The environment under pressure

The pressing problem of dealing with plastic waste is often forcing companies to use less than ideal methods to discard it. As a result, less than 10% of global plastic packaging waste is effectively recycled and the remaining is either buried, burnt, or in some cases, lost in the natural environment. At Recycling Technologies, we started from here and developed a recycling system that is not only able to stem the flow but is also environmentally beneficial.

Plastic has a significant role to play for a sustainable future. Global production has exceeded 300Mt pa, and this is expected to double in the next 20 years. The Ellen MacArthur Foundation with McKinsey at the World Economic Forum reported in the Global Plastic Packaging Roadmap, that only 14% of plastic packaging is collected for recycling with just 10% actually recycled. The rest, End-of-Life Plastic, goes to landfill (40%), incineration (14%), or shockingly, leaks into the environment (32%).

The vast majority of plastic is still disposed of by incineration or landfill. Worryingly, the report also points out that in excess of 8Mt of plastic enters the oceans each year. In a business-as-usual scenario it estimates that by 2025 there will be 1t of plastic for every 3t of fish and by 2050 more plastic than fish! The EU commission believes that plastic waste washed away from landfills accounts for around 80% of the plastic in the marine environment (UNEP, 2005).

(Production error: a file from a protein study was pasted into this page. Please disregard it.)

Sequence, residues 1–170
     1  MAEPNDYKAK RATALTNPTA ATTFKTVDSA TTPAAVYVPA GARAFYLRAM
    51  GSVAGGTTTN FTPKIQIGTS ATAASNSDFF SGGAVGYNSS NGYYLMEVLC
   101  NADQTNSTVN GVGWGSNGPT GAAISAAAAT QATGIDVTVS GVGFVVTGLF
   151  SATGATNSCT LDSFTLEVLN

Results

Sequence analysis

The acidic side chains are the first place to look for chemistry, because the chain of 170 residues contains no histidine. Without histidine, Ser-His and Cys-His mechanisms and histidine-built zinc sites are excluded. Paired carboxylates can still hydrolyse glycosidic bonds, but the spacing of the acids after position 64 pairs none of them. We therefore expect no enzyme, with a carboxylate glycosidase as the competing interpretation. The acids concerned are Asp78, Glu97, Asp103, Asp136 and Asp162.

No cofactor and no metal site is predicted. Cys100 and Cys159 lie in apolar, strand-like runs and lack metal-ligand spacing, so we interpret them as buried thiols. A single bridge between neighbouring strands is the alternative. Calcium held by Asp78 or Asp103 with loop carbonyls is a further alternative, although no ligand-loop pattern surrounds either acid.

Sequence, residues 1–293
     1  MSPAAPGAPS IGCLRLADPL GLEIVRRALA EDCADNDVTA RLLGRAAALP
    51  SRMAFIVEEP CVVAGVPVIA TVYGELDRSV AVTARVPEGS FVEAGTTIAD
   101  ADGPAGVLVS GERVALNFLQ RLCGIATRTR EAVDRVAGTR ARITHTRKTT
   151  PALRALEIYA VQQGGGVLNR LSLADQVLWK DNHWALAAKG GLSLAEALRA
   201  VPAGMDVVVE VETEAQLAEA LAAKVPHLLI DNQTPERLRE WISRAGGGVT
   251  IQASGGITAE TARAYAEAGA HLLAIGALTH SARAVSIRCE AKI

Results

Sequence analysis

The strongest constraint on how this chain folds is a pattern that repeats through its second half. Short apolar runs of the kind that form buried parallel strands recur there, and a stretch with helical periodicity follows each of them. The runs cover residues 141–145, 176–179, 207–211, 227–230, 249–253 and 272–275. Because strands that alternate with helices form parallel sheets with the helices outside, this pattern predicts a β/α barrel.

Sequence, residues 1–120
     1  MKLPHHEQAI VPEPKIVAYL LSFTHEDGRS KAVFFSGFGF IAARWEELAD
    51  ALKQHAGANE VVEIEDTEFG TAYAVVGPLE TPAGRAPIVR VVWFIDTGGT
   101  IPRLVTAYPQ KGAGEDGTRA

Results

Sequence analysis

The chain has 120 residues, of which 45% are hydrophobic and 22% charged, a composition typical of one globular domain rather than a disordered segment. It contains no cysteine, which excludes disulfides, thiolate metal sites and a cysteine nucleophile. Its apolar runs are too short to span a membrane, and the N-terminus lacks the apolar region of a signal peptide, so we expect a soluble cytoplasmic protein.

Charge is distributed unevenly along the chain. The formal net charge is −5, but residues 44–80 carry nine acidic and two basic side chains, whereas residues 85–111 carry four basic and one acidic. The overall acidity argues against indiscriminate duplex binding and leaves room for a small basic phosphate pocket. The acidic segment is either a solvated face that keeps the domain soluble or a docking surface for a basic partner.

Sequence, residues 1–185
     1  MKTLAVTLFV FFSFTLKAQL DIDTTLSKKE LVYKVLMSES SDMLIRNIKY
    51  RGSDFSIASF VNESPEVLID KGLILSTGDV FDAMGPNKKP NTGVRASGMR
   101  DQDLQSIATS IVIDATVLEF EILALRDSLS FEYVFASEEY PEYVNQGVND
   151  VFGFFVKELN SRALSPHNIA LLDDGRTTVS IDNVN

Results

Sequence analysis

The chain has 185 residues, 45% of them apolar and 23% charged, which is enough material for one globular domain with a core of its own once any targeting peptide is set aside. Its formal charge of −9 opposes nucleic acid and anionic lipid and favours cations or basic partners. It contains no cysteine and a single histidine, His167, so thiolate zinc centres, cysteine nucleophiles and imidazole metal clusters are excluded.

Our opportunity to clean up

Today’s plastic items tend to be too complex for mechanical recycling alone, where the use of laminates, films and additives presents further challenges.
Recycling Technologies’ chemical process is designed to integrate traditional mechanical recycling activities in order to tackle these hard-to-recycle plastic waste types. The combination of mechanical and chemical recycling systems will effectively increase current recycling rates to 90%.

Extended Producer Responsibility

Extended Producer Responsibility (EPR) for packaging is a policy approach that extends the producer’s responsibility for a product beyond their current scope, to include the management of their product’s packaging after the product has been used by consumers. EPR policies shift the waste management responsibility from local governments to producers. This policy pushes producers to also take environmental consideration into account when designing their products.

 

Currently, significant End-of-Life Plastic is processed at Materials Recovery Facilities (MRFs), Anaerobic Digestion (AD) plants and Plastic Recovery Facilities (PRFs). It is then baled, transported and disposed of in landfill or Energy from Waste (EfW) plants, in the UK or overseas. On top of the cost associated with baling and transportation, waste producers have to pay gate fees and landfill tax. There is pressure on these facilities from a European, National and Regional Government level to meet recycling targets; by positioning an RT7000 at these facilities, substantial quantities of End-of-Life Plastic waste otherwise destined for landfill or incineration, can now be recycled, contributing to meeting recycling targets.